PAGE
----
Herman Kahn consciously followed Clausewitz’s lead in choosing the title On Thermonuclear War.
However, whereas Clausewitz was trying to develop a general theory of war from his and others’ experiences, Kahn was trying to develop a theory of a war of a kind that had never been fought.
In Chapter 8 of Book 1, Clausewitz telescopes war down to “a single short blow” to show that this is not possible. Nuclear war moves closer to this idealization. Kahn’s analysis is that even a nuclear war does not consist of a single short blow. There can be warnings and exchanges.
Kahn was analyzing the standoff between the United States and the Soviet Union. There was 30 minutes warning of a strike by one on the other. Kahn died before India and Pakistan achieved approximate nuclear parity in 1998. Their warning times come much closer to Clausewitz’s “single short blow.”
This is one way in which technology may have changed Clauzewitz’s analysis. But there is an element of Chapter 8 that remains relevant. Clausewitz is trying to dispel the too-easy assumption by those managing a war that they have a decisive strategy or weapon that will end the war as it begins. So the two Cold War rivals found ways to protect their missiles for a second strike. So the “shock and awe” of the March 2003 attack on Iraq became today’s slow progress on an agreement for the United States to withdraw. So Israel’s attack on Lebanon did not eliminate Hezbollah, as its attack on Gaza is unlikely to eliminate Hamas. The idea of a decisive air strike to take out Iran’s nuclear capabilities dances in some heads. The idea of a single short blow is still with us.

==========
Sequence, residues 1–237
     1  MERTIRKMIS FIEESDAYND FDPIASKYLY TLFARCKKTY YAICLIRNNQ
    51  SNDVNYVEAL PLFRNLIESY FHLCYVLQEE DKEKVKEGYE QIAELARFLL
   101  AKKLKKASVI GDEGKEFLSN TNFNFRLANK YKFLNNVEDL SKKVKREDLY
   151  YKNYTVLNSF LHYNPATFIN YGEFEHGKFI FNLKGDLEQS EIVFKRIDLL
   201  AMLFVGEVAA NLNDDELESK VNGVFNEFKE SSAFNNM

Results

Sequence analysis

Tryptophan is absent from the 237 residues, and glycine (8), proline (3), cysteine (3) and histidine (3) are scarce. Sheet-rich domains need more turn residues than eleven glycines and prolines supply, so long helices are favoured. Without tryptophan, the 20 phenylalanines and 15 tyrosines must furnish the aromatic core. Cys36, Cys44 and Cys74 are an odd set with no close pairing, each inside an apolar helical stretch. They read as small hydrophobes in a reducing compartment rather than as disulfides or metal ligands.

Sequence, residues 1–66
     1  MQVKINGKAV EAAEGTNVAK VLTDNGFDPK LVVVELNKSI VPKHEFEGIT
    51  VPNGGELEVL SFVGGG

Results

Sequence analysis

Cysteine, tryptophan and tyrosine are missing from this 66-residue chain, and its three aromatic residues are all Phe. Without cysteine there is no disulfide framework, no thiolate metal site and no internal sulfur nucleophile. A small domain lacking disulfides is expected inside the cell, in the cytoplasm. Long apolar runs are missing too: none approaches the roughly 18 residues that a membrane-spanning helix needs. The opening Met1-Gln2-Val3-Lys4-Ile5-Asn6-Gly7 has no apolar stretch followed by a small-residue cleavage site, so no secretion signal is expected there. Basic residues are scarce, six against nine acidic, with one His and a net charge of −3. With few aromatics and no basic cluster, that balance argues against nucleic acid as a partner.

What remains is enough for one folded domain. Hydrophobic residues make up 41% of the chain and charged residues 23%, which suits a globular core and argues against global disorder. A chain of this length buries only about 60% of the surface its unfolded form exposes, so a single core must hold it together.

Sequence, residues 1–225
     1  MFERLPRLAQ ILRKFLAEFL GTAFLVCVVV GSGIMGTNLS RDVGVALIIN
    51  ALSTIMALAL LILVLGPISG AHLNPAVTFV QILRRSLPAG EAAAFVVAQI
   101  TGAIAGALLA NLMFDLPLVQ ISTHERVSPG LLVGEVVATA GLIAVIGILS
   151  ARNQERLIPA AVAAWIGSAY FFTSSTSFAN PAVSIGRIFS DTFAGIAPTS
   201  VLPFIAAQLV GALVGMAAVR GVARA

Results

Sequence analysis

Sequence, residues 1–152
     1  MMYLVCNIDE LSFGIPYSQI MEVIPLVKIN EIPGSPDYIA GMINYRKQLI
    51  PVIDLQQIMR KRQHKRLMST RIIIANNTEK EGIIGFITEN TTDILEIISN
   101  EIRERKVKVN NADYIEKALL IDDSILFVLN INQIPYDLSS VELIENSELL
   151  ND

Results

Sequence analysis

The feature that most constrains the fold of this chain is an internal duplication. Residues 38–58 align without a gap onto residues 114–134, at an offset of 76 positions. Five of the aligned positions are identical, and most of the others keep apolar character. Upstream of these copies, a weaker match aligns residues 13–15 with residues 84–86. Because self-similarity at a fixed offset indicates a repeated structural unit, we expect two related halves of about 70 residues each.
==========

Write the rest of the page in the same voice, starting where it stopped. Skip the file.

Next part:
Kahn’s book remains hypothetical in a way that Clausewitz’s is not. Casualties can be calculated, probabilities of destruction of the second strike force, but those calculations depended, and still depend, on assumptions that have little empirical backing. When we bring in all those factors that we will be discussing over the next weeks, we will see many ways to make those assumptions.
And technology has advanced from Kahn’s time in the making of calculations. A 2007 paper in Science magazine predicts that several tens of nuclear weapons exchanged between India and Pakistan could result in a devastating nuclear winter for the world. Again, it appears that a single short blow is not possible, that in this case the natural world responds.